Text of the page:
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Democrats’ voting rights plan faces long odds in U.S. Senate

A proposal to reform U.S. elections that Democrats say is vital to protecting Americans’ right to vote hits the Senate floor on Tuesday (June 22), where it faces opposition from Republicans who say the measure infringes on states’ rights.

Without Republican support, Senate Majority Leader Chuck Schumer will be unable to pass one of his party’s top priorities: a sweeping election reform bill

that could offset a wave of measures passed by Republican-controlled state legislatures imposing new limits on voting.

“Republicans across the country are deliberately targeting all the ways that younger, poorer, non-white and typically Democratic voters access the ballot. Republicans claim they’re making it easier to vote and harder to cheat in an election. In reality, they’re making it harder to vote and easier to cheat in an election. And we all know it,” Schumer said on the Senate floor.

Hours before the anticipated vote, Democratic Senator Raphael Warnock told Reuters that there were “productive” conversations among Democrats but he did not say whether moderate Democratic Senator Joe Manchin, the proponent of a more narrow voting rights bill, had reached agreement with party leaders on a compromise.

Republicans say the state laws are needed to stop fraud, which former President Donald Trump falsely claimed resulted in his November defeat — despite no evidence of widespread election fraud in the United States.

With the Democrats’ effort possibly languishing in the Senate, Priorities USA, a liberal political action committee, said on Tuesday it is dedicating $20 million “to support voting rights efforts through digital voter education and taking voter suppression laws to court.”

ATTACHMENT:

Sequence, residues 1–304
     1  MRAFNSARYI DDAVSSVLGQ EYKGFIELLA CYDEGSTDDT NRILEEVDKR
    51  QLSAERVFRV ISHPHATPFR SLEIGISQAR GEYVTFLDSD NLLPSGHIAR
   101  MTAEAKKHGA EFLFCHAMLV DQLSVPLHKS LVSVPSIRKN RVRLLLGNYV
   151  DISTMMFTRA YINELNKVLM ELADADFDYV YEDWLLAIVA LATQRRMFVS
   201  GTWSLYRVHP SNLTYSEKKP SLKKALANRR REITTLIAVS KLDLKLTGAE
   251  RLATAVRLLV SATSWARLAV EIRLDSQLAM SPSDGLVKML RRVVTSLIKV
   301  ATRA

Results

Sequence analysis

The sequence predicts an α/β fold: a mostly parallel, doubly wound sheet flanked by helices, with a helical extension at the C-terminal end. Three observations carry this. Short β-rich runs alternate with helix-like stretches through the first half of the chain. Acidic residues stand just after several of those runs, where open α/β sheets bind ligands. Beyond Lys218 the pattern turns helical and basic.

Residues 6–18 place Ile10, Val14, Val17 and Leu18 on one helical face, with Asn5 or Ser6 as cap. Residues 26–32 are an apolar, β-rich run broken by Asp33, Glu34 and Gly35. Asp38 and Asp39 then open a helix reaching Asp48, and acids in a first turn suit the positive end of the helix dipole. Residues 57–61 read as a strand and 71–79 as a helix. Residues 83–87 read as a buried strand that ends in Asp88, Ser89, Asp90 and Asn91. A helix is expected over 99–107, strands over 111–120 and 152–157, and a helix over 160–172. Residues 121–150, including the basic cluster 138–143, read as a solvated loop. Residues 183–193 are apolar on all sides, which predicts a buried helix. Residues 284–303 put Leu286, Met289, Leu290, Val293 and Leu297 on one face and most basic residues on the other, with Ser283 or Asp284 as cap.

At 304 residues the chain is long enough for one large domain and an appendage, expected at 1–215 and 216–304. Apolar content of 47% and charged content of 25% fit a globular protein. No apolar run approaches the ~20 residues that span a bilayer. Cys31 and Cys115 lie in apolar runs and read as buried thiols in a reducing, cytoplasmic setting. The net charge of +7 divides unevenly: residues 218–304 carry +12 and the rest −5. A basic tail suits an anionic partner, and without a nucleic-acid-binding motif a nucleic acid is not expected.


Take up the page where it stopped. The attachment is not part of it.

Unlikely to garner the 60 votes needed in the 100-member Senate to advance most legislation, Schumer nonetheless has been concentrating on getting all 50 Democrats and independents to unite on Tuesday to open debate on a bill similar to one that already has passed the House of Representatives.

That would require winning over Manchin, who opposes the House bill.

Among Democrats’ goals are expanding early voting in elections for president and Congress, making it easier to vote by mail and ensuring that certain campaign contributions are more transparent. Their bills also aim to remove partisanship from the once-a-decade drawing of congressional districts, which are at the heart of American democracy.

Republicans argue the U.S. Constitution gives states the power to set their own voting practices. But the Constitution also allows Washington to alter those rules, and Democrats argue they are only setting minimum standards for states.

Republican Minority Leader Mitch McConnell said the bill is based on one first introduced in the House in 2019, before the 2020 election and its chaotic aftermath.

“The Senate will vote on whether to advance Democrats’ transparently partisan plan to tilt every election in America permanently in their favor. By now, the rotten, inner workings of this power grab have been thoroughly exposed to the light,” he said in the Senate.

Reuters/Ipsos polling shows that Americans generally want to expand access to voting and many oppose the more restrictive measures percolating in Republican-controlled state legislatures.

A survey conducted June 11-17 showed that 59% of adults oppose reducing early-voting hours, while 25% support doing so.

If the Democrats’ effort fails, new voting controls imposed in states such as Georgia, Iowa and Florida will be in place for the 2022 midterm elections in which Republicans aim to win back control of the U.S. Senate and House.

Court challenges could result in some of these laws being stricken.

(Production: Arlene Eiras)

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